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Old 12-02-10, 09:38 AM
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I turned 30 a few weeks back.

I like older steel bikes for most of the reasons those who've posted before me have expressed.

My LBS owner says, "I like bikes. They make me feel smart. I can figure a bike out." I can sympathize with that.
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Old 12-02-10, 09:39 AM
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Originally Posted by -holiday76 View Post
I did long distance tours on a Titanium Litespeed for years before I found steel and also recumbents for that type of thing. The Litespeed was 6cm too small for me too. It's amazing what you can get away with on a discomfort level when you're younger and dumber.
Hey now...I'm still dumber!
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Old 12-02-10, 09:39 AM
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31 here - I guess that's young enough...was in my 20's when I got into this stuff.

As for why?
- Old stuff is great and works perfectly still.
- Older bikes give me reasons to wrench, clean, rebuild, and restore.
- Bikes are just damn cool (new and old).
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Old 12-02-10, 09:40 AM
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I'm 21 and in college.

I got into road bikes a few years ago when my commuter hybrid was stolen from outside my dorm. First bike was a junker 10 speed free spirit. I started flipping steel road bikes for grocery and beer money and then it sort of got out of control.

I love lugged steel for similar reasons KonAaron Snake mentioned above. Recently, I've decided to start building lugged steel bikes and am selling off most of my lugged bikes that somebody else built to fund this hobby.

Edit. Oh yeah forgot to mention that THIS FORUM is responsbile for pretty much all of it (I'm sure I would have been happy with 1 or 2 bikes before I started coming here..Enablers!)
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Old 12-02-10, 09:47 AM
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I'm 25, I love the stuff
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Old 12-02-10, 09:48 AM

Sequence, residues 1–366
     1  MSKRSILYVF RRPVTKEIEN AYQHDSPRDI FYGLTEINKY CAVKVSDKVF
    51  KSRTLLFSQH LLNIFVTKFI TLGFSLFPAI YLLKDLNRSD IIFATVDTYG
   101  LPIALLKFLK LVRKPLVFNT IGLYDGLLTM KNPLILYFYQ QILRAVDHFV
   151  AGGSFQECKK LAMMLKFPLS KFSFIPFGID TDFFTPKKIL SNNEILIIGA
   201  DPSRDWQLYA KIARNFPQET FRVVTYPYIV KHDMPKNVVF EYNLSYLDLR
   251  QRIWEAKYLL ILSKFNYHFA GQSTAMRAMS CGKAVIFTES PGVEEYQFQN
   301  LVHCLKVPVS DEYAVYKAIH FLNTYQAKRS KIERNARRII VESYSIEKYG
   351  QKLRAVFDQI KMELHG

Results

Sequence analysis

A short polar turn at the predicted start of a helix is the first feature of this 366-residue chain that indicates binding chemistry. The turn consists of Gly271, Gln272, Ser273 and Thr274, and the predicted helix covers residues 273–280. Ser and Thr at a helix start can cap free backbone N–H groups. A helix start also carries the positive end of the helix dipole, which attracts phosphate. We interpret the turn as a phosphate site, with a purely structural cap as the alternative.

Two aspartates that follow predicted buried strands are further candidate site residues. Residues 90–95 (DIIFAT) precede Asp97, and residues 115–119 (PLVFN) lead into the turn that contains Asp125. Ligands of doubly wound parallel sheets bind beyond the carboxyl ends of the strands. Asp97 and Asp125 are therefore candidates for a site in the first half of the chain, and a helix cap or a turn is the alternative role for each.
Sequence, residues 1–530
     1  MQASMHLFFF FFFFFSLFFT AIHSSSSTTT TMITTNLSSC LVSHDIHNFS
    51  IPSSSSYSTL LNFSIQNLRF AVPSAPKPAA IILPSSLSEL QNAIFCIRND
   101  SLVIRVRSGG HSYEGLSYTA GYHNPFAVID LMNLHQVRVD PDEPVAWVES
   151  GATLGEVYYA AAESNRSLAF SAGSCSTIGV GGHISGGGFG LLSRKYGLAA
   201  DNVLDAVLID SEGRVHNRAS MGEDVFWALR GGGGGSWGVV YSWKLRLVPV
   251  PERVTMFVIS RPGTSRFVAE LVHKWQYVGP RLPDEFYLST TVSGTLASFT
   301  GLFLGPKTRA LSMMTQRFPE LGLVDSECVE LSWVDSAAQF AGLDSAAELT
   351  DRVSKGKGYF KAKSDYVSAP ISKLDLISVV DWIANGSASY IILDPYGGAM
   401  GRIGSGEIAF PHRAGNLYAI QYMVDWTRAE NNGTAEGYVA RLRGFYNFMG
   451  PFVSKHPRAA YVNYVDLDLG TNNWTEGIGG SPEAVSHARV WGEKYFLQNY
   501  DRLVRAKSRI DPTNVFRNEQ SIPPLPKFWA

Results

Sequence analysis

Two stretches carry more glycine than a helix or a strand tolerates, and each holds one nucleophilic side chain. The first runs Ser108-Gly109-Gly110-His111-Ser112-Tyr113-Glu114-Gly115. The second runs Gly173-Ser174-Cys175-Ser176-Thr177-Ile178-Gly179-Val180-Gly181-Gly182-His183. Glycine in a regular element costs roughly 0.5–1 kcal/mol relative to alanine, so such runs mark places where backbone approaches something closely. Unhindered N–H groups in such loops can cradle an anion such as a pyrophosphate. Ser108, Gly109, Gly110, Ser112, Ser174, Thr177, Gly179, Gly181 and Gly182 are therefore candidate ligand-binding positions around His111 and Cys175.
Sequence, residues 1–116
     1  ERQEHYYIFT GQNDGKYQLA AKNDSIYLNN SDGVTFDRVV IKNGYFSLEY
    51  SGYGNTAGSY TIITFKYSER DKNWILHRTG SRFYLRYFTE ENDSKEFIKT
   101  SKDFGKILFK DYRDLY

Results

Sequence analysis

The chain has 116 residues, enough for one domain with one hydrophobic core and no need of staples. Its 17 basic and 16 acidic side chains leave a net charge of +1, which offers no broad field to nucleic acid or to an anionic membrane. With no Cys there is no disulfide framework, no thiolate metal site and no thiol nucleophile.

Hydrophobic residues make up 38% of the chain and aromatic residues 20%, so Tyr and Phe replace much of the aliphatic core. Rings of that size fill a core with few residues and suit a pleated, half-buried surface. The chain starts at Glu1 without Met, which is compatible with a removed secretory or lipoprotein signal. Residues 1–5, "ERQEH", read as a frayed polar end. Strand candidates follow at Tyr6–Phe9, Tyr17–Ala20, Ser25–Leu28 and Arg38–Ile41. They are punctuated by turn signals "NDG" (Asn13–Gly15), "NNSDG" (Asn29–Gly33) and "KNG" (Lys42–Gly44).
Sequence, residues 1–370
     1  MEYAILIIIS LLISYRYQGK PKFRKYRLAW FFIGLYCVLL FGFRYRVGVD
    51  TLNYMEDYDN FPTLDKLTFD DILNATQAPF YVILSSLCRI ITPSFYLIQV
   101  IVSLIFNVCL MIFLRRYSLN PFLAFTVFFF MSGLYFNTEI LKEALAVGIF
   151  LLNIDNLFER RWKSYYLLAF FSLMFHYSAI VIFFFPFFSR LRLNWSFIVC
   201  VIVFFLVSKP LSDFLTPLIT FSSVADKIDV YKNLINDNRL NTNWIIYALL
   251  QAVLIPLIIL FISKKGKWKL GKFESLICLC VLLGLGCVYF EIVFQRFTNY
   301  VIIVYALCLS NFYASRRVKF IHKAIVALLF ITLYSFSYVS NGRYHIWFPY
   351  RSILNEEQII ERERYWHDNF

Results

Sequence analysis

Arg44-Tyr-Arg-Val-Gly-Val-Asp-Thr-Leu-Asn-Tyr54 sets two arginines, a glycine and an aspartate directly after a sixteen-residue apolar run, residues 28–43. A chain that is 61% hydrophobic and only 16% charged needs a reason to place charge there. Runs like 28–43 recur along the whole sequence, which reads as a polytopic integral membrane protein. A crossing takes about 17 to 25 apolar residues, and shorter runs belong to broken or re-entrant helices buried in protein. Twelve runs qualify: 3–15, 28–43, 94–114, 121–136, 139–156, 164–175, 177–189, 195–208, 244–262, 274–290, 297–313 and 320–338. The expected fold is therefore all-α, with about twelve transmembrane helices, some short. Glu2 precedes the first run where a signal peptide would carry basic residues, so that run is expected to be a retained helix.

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Originally Posted by 4Rings6Stars View Post
I'm 21 and in college.

I got into road bikes a few years ago when my commuter hybrid was stolen from outside my dorm. First bike was a junker 10 speed free spirit. I started flipping steel road bikes for grocery and beer money and then it sort of got out of control.

I love lugged steel for similar reasons KonAaron Snake mentioned above. Recently, I've decided to start building lugged steel bikes and am selling off most of my lugged bikes that somebody else built to fund this hobby.

Edit. Oh yeah forgot to mention that THIS FORUM is responsbile for pretty much all of it (I'm sure I would have been happy with 1 or 2 bikes before I started coming here..Enablers!)
Seriously. These damned buggers helped me get my Sachs, Marnati, my Raleigh Intl., my Miyata, the Koga and my Lemond. Just one more hit!
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Old 12-02-10, 09:50 AM
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Originally Posted by KonAaron Snake View Post
Hey now...I'm still dumber!
I once toured fully loaded on that bike with 23cm tires that were slicks. I was also about 50 pounds heavier then than I am now. I had constant flats, including literally 10 in one day.

yeah, live and learn.
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Old 12-02-10, 09:52 AM
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I'm 29 and three quarters.

I like all bike materials that I've ridden and own (steel, carbon, titanium, & aluminum), I like new bikes, I like old bikes. Truth be told, I prefer modern components. For me the primary draw to C&V is affordability and value; you can just get so much more for the money. You can get a heck of a nice vintage bike for the price of a new entry-level road bike. For that matter, you can get a heck of a nice vintage bike for the price of a new entry or mid-level component group!
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Old 12-02-10, 09:52 AM
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turned 30 yesterday. But only recently got into C&V within the past couple years, so i'm young to the C&V scene.
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Old 12-02-10, 09:57 AM
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Wow, I always assumed I was pretty young on the forums.

31

1. I had a steel bike when I was a kid and it is what I find most comfortable. I don't like change.
2. friction shifting has less maintenance. Indexing has been a PITA, in my experience.
3. IMO, thinner tubes look more attractive than aluminum or CF.
4. I like the classic paint schemes from before the late 80's.